Avoid An Acquired Hernia By Preventing Muscle Strain

Acquired hernias are a real threat for people who lift weights, participate in sports or lead active lifestyles, overall. An acquired hernia can develop when the connective tissues or muscles that line your abdomen get damaged. Acquired hernias aren't just uncomfortable, but they may also require surgical intervention which often comes with an uncomfortable and lengthy recovery. One source of this abdominal damage are muscle strains. Educating yourself on the different ways you can avoid a muscle strain can in turn help minimize your risk.

Vitamin D

Vitamin D doesn't just promote healthy bones, but it also helps support healthy muscles. A Vitamin D deficiency can actually increase your risk of a muscle strain. A healthy adult should consume somewhere around 2,000 IU each day. In addition to exposing your bare skin to the sunlight, you can also meet your Vitamin D goals in a variety of other ways, including the consumption of a fatty fish like tuna or salmon and drinking fortified milk.

Flexibility And Balance Training

Develop a training regimen that includes flexibility and balance exercises like Pilates and Yoga. Each of these exercise forms help promote balance by teaching you how to move your body more fluently and with greater focus. In some instances, muscle strains are the result of an awkward twist or turn. Incorporating this training can give you greater control over your movements, which can in turn help minimize the risk of an injury due to poor form.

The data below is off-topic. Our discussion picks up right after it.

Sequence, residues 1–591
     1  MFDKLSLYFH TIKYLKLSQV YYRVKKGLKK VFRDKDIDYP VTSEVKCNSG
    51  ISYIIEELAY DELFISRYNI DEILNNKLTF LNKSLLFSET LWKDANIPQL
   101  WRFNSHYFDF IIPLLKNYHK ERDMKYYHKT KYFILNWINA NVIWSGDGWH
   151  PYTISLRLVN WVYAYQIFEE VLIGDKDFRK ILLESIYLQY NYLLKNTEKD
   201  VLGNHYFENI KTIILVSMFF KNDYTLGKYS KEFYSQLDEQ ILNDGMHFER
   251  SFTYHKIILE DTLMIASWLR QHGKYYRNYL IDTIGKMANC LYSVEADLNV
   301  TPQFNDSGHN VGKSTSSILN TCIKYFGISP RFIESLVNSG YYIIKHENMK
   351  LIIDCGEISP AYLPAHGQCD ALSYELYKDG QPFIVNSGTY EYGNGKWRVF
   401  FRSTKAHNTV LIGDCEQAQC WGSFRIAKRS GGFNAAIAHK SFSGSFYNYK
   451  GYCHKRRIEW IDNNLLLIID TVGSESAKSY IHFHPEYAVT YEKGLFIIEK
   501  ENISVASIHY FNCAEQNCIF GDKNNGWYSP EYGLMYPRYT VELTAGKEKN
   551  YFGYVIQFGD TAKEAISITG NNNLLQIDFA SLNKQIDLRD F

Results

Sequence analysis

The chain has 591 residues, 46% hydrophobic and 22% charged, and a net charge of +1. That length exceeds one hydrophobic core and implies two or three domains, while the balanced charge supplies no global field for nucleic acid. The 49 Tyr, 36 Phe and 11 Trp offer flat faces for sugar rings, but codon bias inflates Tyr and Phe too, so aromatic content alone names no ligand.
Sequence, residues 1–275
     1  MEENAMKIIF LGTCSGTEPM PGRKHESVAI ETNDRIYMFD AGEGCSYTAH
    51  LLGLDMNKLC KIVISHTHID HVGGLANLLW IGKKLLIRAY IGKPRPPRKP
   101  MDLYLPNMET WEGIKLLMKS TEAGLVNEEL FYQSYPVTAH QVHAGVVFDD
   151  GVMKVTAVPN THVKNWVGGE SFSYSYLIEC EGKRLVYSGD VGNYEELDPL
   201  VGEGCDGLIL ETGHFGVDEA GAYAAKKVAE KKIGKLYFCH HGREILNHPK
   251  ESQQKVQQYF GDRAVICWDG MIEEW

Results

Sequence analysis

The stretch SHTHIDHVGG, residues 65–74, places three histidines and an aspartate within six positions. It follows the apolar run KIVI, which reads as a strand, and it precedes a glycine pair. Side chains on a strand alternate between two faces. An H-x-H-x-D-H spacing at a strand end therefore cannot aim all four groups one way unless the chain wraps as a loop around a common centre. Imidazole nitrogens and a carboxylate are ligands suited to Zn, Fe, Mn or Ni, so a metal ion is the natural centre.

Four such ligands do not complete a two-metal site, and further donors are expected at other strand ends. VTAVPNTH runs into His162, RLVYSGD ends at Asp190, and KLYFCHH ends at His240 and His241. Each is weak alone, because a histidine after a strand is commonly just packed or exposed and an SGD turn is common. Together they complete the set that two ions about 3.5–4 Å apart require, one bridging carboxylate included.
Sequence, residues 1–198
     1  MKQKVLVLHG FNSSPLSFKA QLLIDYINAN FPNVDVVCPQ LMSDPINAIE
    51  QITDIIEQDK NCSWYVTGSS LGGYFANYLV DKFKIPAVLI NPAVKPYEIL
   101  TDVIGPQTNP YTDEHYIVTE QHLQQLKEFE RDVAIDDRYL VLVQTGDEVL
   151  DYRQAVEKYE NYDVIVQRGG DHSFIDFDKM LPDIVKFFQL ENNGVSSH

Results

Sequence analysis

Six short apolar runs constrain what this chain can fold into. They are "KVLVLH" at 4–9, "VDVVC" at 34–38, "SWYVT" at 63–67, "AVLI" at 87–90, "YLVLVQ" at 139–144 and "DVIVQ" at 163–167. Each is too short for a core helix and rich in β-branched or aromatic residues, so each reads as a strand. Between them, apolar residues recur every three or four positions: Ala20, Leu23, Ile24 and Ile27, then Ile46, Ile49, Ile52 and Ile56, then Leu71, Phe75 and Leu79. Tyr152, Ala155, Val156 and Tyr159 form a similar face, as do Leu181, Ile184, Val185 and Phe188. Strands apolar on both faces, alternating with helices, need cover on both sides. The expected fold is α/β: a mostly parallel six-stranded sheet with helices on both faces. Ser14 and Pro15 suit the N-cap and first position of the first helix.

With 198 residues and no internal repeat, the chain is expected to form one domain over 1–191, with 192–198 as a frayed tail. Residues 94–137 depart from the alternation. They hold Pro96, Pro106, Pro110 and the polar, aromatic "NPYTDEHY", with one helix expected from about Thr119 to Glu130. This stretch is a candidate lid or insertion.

Weight Regulation

If you participate in a seasonal sport, like football or soccer, make sure you keep your weight regulated during your off-season. Additional weight puts extra pressure on your muscles. If you begin your season training regimen following the same pace as you did when you were lighter, you're putting yourself at risk for a strain. You either need to lose the extra weight before you start your training program or adapt a new plan to meet your current size.

Forced Reps

Some weightlifters believe that true results come from pushing the body beyond the point of failure. When you are no longer able to complete a rep on your own and require your spotter to assist you, you are completing forced reps. While getting to the finish line might boost your ego, it will also strain your muscles. In this vulnerable state, your muscles are more susceptible to injury. Once your body has reached the point of failure, it's time to stop.

You can train hard, but it's more important to train smart. Make sure you're keeping the health of your muscles in mind to minimize your risk of an acquired hernia. For more information, contact Cherry Creek Wellness Center, Inc. or a similar location.